Once you’ve familiarized yourself with the different lifts involved and figured out which is best for you, it’s time to:
Get a program.
The first thing you have to do to improve is have a good program. Periodization is the term we use to refer to the intelligent structuring of a good program designed to achieve your goals. I’ve written a lot about programming and periodization on this site before, so you can check out those articles for some of the theory behind periodization and why it works.
However, don’t think you have to have a perfect program to see results: interestingly, the benefits of a good program, while tangible, aren’t as big as people expect.
A good program will speed up your results and alleviate a lot of the frustrations experienced with learning this new skill. Programs like 5/3/1, 5x5, and Starting Strength will all work well for beginners. I also have a general program that works well for beginners (though, is a bit general for real strength development) for free as a part of subscribing for my mailing list.
However, these programs won’t serve you well forever. Ultimately, the process of growth is a highly individualized one, and you’ll always get the best results from a more individualized program. Most lifters typically plateau on standard programs after about 6-12 months.
For this, more complex programs (I recommend something like Scientific Principles of Strength Training or reading a lot of Reactive Training Systems’ articles on RPE) are needed. If you’re training geared (we’ll discuss this next section), a program like Westside’s Conjugate Method may be more useful.
The easiest way to handle this is (surprise!) to hire a coach, like yours truly. Coaches will handle your programming for you, provide feedback on your lifts, and provide years of experience that you may not have - ensuring much better results.
Pick a class.
The first thing you have to do before competing is pick a competitive class. Powerlifting is divided into different “classes” which ensure that you’re competing against people of roughly the same level of potential as you. This makes it easy to ensure a fair competition.
Two of the biggest determiners which choose your class are pretty simple: age and gender.
Anyone below 24 is considered a junior. 24-40 puts you in the open class (most competitors). 40+ puts you in the masters class. There are some variations on this depending on different federations (more on federations later) but this is the general setup.
What might be a bit harder is picking a weight class. Weight classes also vary a little bit based on federation, but commonly they take the form of:
|Men's (lbs/kg)||Women's (lbs/kg)|
|275/125||SHW (anything above 198/90)|
|SHW (andything above 308/140)|
Weight classes can be a bit more confusing, because you have no real indicator if your current bodyweight is your ideal bodyweight for competition. Maybe you’d be better off gaining a bit of weight and moving up a weight class, or maybe you’d be better off losing a bit of weight, leaning out, and dropping down a weight class.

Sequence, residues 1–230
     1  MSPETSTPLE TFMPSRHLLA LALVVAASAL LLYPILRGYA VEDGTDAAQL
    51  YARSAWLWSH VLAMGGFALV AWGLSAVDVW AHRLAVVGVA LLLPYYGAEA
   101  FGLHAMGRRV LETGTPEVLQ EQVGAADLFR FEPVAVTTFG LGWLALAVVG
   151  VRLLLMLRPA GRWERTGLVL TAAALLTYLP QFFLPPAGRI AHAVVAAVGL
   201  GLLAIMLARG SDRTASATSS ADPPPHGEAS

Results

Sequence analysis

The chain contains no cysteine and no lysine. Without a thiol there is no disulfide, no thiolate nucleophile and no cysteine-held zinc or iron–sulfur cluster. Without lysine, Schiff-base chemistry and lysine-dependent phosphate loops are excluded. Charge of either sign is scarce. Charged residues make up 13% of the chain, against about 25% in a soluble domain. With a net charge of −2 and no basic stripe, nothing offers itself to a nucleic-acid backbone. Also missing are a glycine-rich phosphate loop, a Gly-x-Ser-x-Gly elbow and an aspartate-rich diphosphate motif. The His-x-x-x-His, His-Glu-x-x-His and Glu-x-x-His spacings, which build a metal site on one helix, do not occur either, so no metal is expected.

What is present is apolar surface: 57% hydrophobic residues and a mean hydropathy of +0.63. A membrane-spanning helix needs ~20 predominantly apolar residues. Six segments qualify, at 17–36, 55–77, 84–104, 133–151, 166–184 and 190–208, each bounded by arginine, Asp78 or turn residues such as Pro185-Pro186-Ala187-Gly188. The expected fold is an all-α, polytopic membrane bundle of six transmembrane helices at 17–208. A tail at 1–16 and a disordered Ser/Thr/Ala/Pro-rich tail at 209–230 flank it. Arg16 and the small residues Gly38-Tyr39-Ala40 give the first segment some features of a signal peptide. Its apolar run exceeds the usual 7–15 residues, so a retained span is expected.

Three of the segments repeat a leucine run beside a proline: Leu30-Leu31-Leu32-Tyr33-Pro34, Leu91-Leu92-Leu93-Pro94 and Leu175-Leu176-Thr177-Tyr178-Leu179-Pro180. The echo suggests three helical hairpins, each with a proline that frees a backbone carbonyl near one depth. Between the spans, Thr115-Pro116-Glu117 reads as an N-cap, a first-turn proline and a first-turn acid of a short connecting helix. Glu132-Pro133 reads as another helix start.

Some (elite) lifters tend to sit at a slightly heavier weight than their competition weight - then, they use dehydration to lose water weight, weigh in at the lower weight class, and then drink a lot of gatorade or other fluids to rehydrate quickly so that their performance doesn’t suffer. This is an advanced strategy that carries obvious health risks with it, so I don’t recommend it for beginners.
In terms of finding an ideal weight class, luckily Greg Nuckols has put together a tool that should give you a good idea of where you should be. This tool uses data from existing powerlifters to give you a rough idea of where someone with your measurements would end up. It’s not perfect, but it’ll give you a good ballpark estimate of an ideal competitive weight. From there, you can focus on gaining or losing weight to get into your ideal competitive weight class for your body type. It’s posted in two parts: here and here.
The last thing to do is decide whether you’re going to train for geared or raw lifting.
Geared lifting uses supportive suits and knee wraps to enable you to lift more weight. Geared lifters also have to train differently, because the nature of the supportive suits changes the style of your lifting enough that you can’t train the same as when you train raw. Suits can also be expensive, hard to put on, and serious geared lifters can handle so much weight that if they were to lose control of the bar, the results would be disastrous. As a result, geared lifters tend to train in groups or teams so that they can have a lot of spotters there to back them up in case something goes wrong.
In contrast, raw classes allow minimal supportive equipment (a belt and wrist wraps). This is more naturally the way that most of us train in the gym, so this is easier to get into. It requires less equipment and is easier to train solo. Raw classes are more recent, but they’re also becoming more popular, since raw lifting is considered a more “natural” test of strength.
Which weight class you pick will determine to a certain extent how you have to train - you may need to lose or gain weight to become more competitive within an ideal weight class. Which gear class you pick will determine how you have to train, what equipment you have to get ahold of, and whether or not you need to find a specialized powerlifting team or gym. Next:
Depending on whether you’re lifting geared or raw, you’ll need to buy different kinds of equipment in order to be as competitive as you can. Here’s a full list of everything you might need.